I found that the pupils really did enjoy performing something a little different, and the audience (mostly parents) also responded well to something unusual (from their perspective). It’s rhythmic, engaging and has novelty value for the vast majority.

Performance also lends focus to the activity, which children need - not sure that an ongoing session-type activity would necessarily hold any but the really committed.


Thanks to all for the comments. The advice is very sound and useful - I will let you know how I get on

Re: Holding a session in a school

I used to run an after school club in set dancing (at a primary school in England) which was very popular. I only gave it up because my baby got mobile, became a toddler and was running the risk of being trampled! The school want me back to do it again but I’m waiting until the little one is big enough to join in safely!
I have a friend who is a teacher and she runs a lunchtime club where she teaches tin whistle to the kids, again this is very popular.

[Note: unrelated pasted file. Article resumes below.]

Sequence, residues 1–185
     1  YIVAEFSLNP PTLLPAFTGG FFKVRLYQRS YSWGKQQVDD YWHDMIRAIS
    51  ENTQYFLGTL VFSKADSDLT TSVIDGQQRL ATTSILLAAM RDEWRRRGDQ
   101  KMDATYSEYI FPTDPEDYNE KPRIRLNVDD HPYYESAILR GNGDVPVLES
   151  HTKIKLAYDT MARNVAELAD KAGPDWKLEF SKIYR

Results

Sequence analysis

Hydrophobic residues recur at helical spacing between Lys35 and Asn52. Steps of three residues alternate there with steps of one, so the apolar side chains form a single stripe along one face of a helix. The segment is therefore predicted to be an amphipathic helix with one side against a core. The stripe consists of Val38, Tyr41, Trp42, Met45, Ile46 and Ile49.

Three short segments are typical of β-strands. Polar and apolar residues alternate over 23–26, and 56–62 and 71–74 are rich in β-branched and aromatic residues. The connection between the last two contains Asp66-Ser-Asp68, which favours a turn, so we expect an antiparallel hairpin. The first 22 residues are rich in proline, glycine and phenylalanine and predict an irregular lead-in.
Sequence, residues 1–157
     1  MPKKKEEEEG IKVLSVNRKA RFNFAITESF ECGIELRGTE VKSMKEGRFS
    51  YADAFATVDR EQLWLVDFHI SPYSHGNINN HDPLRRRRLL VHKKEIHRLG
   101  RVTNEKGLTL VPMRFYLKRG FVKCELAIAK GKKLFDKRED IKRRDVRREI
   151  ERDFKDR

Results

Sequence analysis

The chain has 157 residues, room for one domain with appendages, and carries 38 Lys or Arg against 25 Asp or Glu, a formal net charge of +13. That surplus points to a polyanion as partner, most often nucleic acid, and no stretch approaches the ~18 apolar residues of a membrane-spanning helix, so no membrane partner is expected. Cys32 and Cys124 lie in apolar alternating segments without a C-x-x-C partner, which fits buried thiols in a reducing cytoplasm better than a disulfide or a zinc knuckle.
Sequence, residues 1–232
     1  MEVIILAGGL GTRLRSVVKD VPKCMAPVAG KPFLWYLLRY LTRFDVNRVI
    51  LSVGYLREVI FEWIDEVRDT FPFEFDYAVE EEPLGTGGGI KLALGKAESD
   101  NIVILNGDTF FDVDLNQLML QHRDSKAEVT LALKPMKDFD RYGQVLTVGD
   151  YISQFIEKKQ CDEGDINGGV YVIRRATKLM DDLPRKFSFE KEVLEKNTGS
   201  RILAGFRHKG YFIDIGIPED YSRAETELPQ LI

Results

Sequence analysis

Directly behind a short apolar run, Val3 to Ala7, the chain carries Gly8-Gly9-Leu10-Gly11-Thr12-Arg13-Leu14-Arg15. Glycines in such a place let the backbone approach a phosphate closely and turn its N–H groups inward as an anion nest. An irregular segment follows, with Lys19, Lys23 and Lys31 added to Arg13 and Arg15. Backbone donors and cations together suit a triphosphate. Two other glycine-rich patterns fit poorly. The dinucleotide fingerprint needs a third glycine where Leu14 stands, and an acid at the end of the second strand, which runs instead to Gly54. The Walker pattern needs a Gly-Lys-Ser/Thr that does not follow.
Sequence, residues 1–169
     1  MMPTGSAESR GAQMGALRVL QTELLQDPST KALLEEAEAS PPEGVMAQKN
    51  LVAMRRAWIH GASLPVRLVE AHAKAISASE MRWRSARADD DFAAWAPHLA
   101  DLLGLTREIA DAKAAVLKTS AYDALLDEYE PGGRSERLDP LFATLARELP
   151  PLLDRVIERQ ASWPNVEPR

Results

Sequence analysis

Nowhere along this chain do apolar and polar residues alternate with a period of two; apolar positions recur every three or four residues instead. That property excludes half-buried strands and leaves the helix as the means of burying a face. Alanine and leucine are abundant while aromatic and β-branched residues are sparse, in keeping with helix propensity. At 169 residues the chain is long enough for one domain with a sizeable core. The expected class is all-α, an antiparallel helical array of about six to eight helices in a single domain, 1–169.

It can work, but it all depends upon the attitude of the school and the enthusiasm of the youngsters.

Re: Holding a session in a school

On another note entirely…
For a number of reasons (I’m not a driver and have 2 young kids, a partner with crazy working hours, no local sessions, severe lack of babysitters…) I’ve set up a session in my local Irish club where children are welcome for a Sunday afternoon. If we have beginners turn up they’re very welcome whatever age they are, and if we have players who want to bring their kids along just to experience the session that’s also fine and can only be a positive experience for the kids.